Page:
Ward says the wells’ 25,000 barrels-a-day of production, about evenly split between oil and gas, secure SandRidge a steady source of cash that will help pay for expanded drilling in the Mississippian, SandRidge’s largest asset in northern Oklahoma and southern Kansas.
“The company will struggle to meet its stated growth targets and close a significant funding gap,” Anne Cameron, an analyst at BNP Paribas, wrote Feb. 15 in a note to investors. She rates the shares at “reduce,” according to the note. She’s skeptical of SandRidge’s economics in the Mississippian.
Ward said yesterday at an analyst day meeting in New York the Mississippian acreage will be the company’s growth engine.
“We found something that we knew about that others weren’t focused on a few years ago,” Ward said of the Mississippian at the meeting. The key to profiting off the play is the company’s own disposal-well system for getting rid of the large amount of water that comes up with the oil, he said.
By continuing to acquire assets, the company will increase cash flow and its overall size, shrinking its debt load in comparison, said Duane Grubert, a Stamford, Connecticut-based analyst at Susquehanna Financial Group, which owns at least 1 percent of the company’s shares.
The strategy has “scared away some plain vanilla institutions,” said Grubert, who considers SandRidge the most under-recognized company among independent exploration and production companies. “I see this thing as really emerging as a home run over the next year or so.”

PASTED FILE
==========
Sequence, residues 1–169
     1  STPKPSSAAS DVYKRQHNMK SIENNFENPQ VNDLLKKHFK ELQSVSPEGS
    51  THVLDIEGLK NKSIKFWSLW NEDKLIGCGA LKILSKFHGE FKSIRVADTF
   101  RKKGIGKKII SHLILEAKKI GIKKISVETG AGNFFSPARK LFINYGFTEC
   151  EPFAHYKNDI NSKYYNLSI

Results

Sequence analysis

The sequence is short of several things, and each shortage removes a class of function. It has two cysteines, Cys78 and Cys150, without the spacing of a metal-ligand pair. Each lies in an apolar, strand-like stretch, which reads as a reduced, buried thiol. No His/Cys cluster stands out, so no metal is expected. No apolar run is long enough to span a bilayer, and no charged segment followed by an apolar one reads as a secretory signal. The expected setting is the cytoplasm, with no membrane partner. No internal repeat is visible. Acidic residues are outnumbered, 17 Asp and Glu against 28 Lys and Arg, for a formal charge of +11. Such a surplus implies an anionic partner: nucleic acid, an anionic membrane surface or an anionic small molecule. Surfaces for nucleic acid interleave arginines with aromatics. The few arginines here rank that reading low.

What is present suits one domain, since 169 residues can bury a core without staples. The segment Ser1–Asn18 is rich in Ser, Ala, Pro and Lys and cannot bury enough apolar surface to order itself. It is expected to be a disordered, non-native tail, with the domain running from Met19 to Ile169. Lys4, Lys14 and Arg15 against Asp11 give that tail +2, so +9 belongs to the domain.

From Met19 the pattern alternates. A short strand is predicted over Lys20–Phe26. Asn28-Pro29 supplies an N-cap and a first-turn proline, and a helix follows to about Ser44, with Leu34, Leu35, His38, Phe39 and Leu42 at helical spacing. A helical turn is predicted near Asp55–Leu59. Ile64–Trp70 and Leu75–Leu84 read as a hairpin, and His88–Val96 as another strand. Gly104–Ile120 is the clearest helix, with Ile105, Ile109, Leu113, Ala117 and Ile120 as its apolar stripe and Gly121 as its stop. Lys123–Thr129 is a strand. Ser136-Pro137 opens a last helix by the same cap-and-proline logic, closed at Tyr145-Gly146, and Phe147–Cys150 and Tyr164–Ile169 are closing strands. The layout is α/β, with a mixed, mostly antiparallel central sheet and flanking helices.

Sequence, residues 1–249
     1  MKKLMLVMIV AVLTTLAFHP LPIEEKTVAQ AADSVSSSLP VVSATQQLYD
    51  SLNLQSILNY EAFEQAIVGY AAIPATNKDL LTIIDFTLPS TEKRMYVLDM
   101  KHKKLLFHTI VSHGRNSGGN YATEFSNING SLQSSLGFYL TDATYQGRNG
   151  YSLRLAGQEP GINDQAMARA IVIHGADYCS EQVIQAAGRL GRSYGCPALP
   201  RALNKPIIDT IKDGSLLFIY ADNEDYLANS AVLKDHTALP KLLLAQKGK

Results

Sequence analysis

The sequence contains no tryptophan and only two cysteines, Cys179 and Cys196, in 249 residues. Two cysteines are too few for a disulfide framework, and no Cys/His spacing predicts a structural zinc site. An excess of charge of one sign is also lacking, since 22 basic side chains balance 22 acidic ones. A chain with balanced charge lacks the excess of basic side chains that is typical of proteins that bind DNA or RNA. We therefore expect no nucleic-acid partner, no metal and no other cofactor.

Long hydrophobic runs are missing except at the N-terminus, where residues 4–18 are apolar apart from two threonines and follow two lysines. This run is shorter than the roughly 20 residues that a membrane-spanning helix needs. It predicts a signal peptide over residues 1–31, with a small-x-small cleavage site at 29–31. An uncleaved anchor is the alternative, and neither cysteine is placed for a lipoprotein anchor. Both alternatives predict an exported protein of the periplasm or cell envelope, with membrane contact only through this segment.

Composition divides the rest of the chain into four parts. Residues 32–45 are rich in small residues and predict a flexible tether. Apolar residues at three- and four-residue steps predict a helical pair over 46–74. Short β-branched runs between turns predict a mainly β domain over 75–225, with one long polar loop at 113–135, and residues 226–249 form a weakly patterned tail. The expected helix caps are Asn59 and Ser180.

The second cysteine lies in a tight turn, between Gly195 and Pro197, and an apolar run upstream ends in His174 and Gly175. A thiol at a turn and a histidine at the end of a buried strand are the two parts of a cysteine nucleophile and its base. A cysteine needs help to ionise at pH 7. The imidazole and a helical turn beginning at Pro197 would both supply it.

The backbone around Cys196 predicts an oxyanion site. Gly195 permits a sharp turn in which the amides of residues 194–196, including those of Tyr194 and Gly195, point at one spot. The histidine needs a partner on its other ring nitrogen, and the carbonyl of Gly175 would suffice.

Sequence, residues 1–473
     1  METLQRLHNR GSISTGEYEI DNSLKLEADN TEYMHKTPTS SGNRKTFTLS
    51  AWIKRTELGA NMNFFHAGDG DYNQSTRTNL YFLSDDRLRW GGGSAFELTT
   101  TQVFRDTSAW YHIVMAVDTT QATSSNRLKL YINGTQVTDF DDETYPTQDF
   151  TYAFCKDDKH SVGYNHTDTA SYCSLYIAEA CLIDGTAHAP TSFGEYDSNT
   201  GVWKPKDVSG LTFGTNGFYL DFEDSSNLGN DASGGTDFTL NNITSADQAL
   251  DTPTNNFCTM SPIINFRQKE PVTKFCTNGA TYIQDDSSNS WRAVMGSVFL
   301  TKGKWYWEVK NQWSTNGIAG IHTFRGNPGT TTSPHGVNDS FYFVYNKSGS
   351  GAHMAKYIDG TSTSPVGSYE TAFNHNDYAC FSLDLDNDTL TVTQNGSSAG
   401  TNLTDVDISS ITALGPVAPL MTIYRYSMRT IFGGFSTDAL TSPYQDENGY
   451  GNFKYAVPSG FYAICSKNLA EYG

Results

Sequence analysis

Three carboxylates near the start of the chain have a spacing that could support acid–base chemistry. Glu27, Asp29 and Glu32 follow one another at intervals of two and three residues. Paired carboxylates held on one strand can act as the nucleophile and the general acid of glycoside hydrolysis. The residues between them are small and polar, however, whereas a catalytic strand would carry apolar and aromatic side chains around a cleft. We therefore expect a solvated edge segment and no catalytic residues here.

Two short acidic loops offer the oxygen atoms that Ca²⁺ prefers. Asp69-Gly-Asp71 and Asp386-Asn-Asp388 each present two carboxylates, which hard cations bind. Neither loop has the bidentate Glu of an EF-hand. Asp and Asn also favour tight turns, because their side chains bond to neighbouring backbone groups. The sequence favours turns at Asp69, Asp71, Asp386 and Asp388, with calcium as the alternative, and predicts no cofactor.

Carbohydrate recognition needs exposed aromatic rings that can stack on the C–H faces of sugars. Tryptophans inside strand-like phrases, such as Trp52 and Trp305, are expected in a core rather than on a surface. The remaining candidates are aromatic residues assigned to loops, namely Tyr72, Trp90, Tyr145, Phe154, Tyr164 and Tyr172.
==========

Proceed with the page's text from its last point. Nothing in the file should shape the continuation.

Competitor EOG is aiming for average costs per well of about $5.5 million in the Eagle Ford, almost twice as much as SandRidge’s plan for about $3 million in well costs in the Mississippian.
By seeking out conventional fields in the Permian, the Mississippian and the Gulf of Mexico, SandRidge is turning itself into an “anti-shale” producer, BNP’s Cameron wrote.
Ward has described SandRidge before as being a “back to the future” company. He likes the older fields in the Permian and the Mississippian because they’re less crowded with competitors who push up the price for service companies.
With service costs staying flat in its two largest plays since the middle of 2009, SandRidge is getting a 72 percent return on investment in the Permian Basin in West Texas and “close to 100 percent” return in the Mississippian play in northern Oklahoma and southern Kansas, Ward told analysts and investors on the earnings call.
The company, with a 1.5 million-acre stake in the Mississippian, is the most active operator in the formation. Chesapeake, Devon Energy Corp. (DVN), Range Resources Corp. (RRC) and Royal Dutch Shell Plc (RDSA) have all moved in, as well.
SandRidge more than quadrupled annual spending on drilling and production to $621 million in its Mississippian regional unit last year and boosted the Permian unit 57 percent to $701 million compared to 2010. That came as SandRidge chopped spending from three other units by a combined 89 percent. As a result of the Mississippian and Permian plays, yearly oil production climbed 60 percent to 11.8 million barrels in 2011.